Posts Tagged HHMI

More on the HHMI/Elsevier deal

Found via: JCB to HHMI: Why did you sell out to Elsevier?, Alex Palazzo, The Daily Transcript, July 18, 2007.

About an editorial, How the rich get richer, by Mike Rossner (Executive Director, The Rockefeller University Press) and Ira Mellman (Editor in Chief, The Journal of Cell Biology), J Cell Biol 2007(18 Jun); 177(6): 951. Epub Jun 11, 2007.

Excerpts:

HHMI [Howard Hughes Medical Institute] will bestow monetary rewards on a commercial publisher in return for the type of public access already provided by many nonprofit publishers.

Two problems with this deal immediately come to mind. First, there is a clear potential for conflict of interest when a publisher stands to benefit financially by publishing papers from a particular organization. Second, and even more seriously, this action by HHMI undermines the effort to persuade commercial publishers to make their content public after a short delay, by rewarding them for not doing so.

See also: Paying a fee for Green OA, 21 Mar 2007.

And: Elsevier, HHMI and Open Access, Kaitlin Thaney, Science Commons, 8 Mar 2007.

Comments (1)

Paying a fee for Green OA

As Peter Suber has pointed out, a key feature of the HHMI-Elsevier deal (HHMI and Elsevier Announce Public Access Agreement, March 8, 2007) is that “HHMI is paying a fee for green OA“. The fee is “$1,000 for each article published in a Cell Press journal and $1,500 for each article in other Elsevier journals“, see OA News (9 March 2007, More on the HHMI-Elsevier agreement). None of the comments that I’ve seen pay much attention to the difference in the proposed “Green OA fee” for Cell Press journals ($1000 US) versus the substantially larger fee for other Elsevier journals ($1500 US). Why this substantial difference in fees?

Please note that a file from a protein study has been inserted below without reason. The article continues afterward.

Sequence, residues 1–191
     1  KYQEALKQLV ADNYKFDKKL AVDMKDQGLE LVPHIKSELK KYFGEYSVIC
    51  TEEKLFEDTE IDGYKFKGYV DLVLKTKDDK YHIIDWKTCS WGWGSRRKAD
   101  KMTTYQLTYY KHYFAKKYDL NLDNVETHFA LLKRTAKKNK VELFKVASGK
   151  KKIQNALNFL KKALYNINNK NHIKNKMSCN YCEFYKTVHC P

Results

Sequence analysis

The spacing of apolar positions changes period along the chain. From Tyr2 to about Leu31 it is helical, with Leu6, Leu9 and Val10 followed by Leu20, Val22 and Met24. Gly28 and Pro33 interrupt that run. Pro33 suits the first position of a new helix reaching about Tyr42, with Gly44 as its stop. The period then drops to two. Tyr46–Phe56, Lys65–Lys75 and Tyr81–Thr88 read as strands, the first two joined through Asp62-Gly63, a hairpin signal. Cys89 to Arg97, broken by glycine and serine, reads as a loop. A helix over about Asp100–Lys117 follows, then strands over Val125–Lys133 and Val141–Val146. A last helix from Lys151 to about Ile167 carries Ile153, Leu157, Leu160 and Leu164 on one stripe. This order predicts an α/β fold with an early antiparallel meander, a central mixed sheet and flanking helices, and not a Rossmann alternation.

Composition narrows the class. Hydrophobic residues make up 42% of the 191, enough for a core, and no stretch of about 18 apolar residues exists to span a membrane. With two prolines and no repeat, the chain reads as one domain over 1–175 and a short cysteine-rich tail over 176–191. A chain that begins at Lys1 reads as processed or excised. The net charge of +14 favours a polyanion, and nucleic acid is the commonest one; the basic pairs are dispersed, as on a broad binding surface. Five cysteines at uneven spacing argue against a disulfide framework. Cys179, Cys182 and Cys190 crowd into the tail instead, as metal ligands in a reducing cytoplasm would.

The premier journal of Cell Press is Cell. It’s ranked #8 in the top 10 science journals at the eigenfactor.org site. (See also the data for ISSN:0092-8674). According to the journal-ranking.com site, Cell has a high ranking in the categories of both Cell Biology and Biochemistry and Molecular Biology, and, on the basis of data from the journalprices.com site, has a low price per citation. The freemedicaljournals.com site lists Cell as free one year after publication. If I understand correctly, payment of the $1000 fee would simply reduce the embargo on Green OA from 12 to 6 months.

Is this a far-sighted effort by Elsevier to protect the Cell “brand”? This journal is already very cost-efficient, as measured by cost of subscriptions per citation. It could become even more cost-efficient (from the perspective of those who pay subscription fees) if several major funding agencies could be persuaded to pay for Green OA.

There does seem to be in increasing risk, as funding agencies that have mandated Green OA increase in numbers, that only those journals that permit Green OA within 6 months may retain marker share. And, among these, it may only be those that are the most cost-efficient (e.g. as measured by cost per citation) that thrive. Perhaps Elsevier wants to try to increase the probability that its Cell Press group of journals will be among those that survive in such a scenario?

For a perspective on the importance of cost-efficiency in retaining market share, see a post by David Goodman to the AmSci OA Forum (12 Mar).

It’s also interesting that this Cell Press page about the new Cell Stem Cell journal includes access to a few selected stem cell articles from other Cell Press journals. I assume that the access policies for the new journal will be the same as for other Cell Press journals? (There’s no mention of new access policies for this new journal on either page).

Comments (3)

Follow

Get every new post delivered to your Inbox.